It was also around this time that I began keeping statistics on home runs and runs scored.  It makes it a lot easier to know if you are winning or not if you've got solid numbers to back it up.  Though the details escape me, I'm sure I had convoluted methods of determining how "ghost runners," the imaginary person who replaced one of us when we had pitch or field after getting on base, worked, and what counted as a home run to right field, where trees and the black netting necessitated something less standard than "it has to go over the net."  As the only left-handed batter, which is the only thing I'm a lefty in since I mimicked my dad when he taught me, it was particularly important to know what a home run to right field was.  Of course, despite my best efforts (or maybe because of them) there were arguments between the three of us.  And that was when it was just the three of us-- added into the mix was an ever changing line-up of children who were in my mother's charge as part of her in-home day-care.  Often there were at least one or two kids that were around our age and liked baseball, so on many occasions, our games involved four or five players.  We could have a first baseman!  I could stay on third after legging out that triple and hope my brother could knock one into the gap so I could score!  It was almost like real baseball.  

     But we didn't much care if we had teammates, or if it was just the three of us.  We just loved to play.  However, as time passed, we became bigger and stronger.  Cranking a ball over the net became too easy, and would be, at best, a hit to deep center field in our Caro Baseball Federation games.  Changing the distance between home plate and the pitching rubber meant walking up the slope and pitching downhill.  All of these things meant that, as fun as it was to play, it was no longer practical.  The summer before my sophomore year was the last one the three of us played on our makeshift field.  We still spent much of our summers competing with each other, facing off in basketball or a modified version of touch football, but the days of strike-outs, ghost runners, and home runs over the black netting were over.  I wish that we had known which day would be our last "down the hill," just the three of us.  I wish I'd realized it was the last time I'd stare down Ean and throw one inside to back him off the plate.  I wish I'd savored the final time I ripped Aarin's tricky curve ball to deep right, shredding maple leaves as it sped through the summer air.  Like so many "lasts," we didn't know we were experiencing ours until it was too late to properly appreciate them.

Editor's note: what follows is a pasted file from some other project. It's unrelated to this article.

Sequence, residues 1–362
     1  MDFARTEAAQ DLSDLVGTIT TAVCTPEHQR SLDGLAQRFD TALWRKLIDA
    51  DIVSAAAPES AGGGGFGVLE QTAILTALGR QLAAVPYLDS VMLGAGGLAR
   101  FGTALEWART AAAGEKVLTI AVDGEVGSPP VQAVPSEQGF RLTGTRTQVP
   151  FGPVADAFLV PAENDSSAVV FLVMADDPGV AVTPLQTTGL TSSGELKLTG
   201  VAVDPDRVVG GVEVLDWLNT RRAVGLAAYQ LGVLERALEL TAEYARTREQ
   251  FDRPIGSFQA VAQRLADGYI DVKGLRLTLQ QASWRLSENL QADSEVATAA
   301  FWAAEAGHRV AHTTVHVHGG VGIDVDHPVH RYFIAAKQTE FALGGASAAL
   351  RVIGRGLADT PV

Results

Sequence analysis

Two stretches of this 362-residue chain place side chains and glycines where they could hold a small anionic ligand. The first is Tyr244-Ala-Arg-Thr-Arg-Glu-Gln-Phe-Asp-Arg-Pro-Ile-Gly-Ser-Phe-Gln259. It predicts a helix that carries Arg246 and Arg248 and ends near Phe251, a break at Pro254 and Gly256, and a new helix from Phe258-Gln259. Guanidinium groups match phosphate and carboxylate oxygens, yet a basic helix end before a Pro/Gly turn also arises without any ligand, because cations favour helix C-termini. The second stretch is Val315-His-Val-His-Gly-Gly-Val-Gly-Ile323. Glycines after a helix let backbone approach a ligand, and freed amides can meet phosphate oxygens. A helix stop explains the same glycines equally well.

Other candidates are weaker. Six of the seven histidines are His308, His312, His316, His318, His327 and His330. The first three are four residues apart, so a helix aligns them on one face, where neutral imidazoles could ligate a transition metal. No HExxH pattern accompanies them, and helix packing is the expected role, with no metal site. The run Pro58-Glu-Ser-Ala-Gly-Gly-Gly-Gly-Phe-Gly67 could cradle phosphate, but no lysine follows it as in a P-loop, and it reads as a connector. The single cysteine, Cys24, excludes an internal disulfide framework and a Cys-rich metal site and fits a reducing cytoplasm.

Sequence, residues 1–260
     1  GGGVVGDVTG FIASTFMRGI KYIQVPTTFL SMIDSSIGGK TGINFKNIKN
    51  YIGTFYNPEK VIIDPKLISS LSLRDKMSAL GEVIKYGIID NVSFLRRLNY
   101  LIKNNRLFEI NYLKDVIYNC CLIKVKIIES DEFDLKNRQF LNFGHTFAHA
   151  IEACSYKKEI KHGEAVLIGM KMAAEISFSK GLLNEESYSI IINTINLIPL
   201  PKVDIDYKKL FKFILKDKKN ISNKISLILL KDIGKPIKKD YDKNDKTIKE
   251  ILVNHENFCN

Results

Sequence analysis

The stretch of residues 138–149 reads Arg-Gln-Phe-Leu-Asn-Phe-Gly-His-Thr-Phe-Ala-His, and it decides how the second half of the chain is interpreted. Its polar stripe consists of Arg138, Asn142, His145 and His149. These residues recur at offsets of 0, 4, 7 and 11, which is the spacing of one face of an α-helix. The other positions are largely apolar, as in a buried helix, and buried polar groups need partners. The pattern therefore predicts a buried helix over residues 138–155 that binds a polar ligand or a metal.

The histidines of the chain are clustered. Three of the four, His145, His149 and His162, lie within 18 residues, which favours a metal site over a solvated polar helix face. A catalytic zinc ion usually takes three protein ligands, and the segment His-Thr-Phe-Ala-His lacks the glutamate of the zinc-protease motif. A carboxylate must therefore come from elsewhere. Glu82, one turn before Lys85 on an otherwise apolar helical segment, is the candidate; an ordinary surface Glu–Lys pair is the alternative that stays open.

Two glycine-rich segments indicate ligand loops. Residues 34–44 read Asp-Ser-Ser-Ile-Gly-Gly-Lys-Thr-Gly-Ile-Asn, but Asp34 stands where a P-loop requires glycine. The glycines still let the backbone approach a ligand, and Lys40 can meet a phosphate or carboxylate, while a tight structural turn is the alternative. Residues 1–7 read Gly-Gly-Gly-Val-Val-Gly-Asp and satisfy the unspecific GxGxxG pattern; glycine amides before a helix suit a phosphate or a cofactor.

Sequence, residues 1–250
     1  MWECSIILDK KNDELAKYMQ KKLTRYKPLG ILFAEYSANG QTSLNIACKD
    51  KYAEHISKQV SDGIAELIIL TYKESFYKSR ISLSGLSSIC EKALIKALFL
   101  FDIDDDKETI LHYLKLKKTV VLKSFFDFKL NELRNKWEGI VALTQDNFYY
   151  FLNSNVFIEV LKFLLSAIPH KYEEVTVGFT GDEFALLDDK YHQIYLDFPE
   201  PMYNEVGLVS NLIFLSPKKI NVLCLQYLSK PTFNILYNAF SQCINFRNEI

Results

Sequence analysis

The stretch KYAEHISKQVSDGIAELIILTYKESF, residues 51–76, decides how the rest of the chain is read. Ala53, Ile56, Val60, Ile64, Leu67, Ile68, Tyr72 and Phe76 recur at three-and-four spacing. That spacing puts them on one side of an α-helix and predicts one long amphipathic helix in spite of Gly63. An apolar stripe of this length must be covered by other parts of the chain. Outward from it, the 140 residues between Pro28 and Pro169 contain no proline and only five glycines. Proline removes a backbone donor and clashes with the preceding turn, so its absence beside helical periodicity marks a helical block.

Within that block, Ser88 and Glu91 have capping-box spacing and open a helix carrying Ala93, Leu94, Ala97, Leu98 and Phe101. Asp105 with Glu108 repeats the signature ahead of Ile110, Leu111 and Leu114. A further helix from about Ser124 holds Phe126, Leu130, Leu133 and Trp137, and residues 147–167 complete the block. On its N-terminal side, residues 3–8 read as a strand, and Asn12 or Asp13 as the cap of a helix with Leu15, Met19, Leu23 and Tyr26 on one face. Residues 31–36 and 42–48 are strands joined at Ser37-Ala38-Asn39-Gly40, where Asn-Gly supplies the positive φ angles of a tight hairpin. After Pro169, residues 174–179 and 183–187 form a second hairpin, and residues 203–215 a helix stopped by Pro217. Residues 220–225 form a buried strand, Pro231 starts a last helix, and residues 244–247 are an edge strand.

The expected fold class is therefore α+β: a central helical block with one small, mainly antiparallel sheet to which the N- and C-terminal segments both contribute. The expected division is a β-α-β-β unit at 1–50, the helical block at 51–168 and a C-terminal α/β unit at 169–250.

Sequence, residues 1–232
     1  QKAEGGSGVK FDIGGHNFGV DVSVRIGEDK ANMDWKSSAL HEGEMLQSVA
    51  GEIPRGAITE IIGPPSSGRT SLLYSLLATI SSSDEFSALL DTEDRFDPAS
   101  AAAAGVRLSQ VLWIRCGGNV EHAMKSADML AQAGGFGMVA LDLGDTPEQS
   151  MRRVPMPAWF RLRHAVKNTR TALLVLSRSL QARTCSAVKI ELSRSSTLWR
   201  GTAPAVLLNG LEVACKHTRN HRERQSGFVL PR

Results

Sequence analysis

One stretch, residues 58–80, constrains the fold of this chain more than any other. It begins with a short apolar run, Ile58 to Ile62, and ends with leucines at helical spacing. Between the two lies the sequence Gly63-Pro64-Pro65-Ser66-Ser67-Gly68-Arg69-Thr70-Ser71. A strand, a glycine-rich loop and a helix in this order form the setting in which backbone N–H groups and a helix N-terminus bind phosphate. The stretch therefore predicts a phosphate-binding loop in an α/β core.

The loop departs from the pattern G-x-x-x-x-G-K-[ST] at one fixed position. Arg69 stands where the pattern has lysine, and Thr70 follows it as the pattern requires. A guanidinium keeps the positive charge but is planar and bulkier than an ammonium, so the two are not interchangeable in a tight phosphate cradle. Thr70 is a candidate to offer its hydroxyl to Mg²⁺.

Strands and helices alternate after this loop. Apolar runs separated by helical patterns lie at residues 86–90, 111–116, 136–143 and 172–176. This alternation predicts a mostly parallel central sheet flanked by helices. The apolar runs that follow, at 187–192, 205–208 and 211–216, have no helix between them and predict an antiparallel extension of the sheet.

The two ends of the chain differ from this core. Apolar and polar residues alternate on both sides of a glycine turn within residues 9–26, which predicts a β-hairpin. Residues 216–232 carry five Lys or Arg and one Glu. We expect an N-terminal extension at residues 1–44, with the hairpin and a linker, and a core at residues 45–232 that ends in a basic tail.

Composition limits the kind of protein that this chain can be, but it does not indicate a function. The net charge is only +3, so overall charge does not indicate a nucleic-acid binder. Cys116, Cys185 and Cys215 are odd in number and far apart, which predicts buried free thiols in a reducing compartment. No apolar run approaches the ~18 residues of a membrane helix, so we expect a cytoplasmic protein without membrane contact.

My dad pointed out to me that all of these days spent playing, and my desire to win, sometimes at any cost, were a huge benefit to my health.  Daily exercise from playing "down the hill" was not only a fun centerpiece of my childhood, it was also just what the doctor ordered.  But at the time, I didn't see it that way.  I was just having fun with my brothers.

     We all have kids now.  And my son, quite fittingly, is the oldest.  When he and his cousins get old enough, we'll patch up the dilapidated back-stop, throw down some bases, and "down the hill" will come to mean "baseball" once again.  I can't wait to see them play, to sit back as my son makes up rules that will ensure he emerges victorious.  I'll even volunteer to keep be the stats keeper.

No comments:

Post a Comment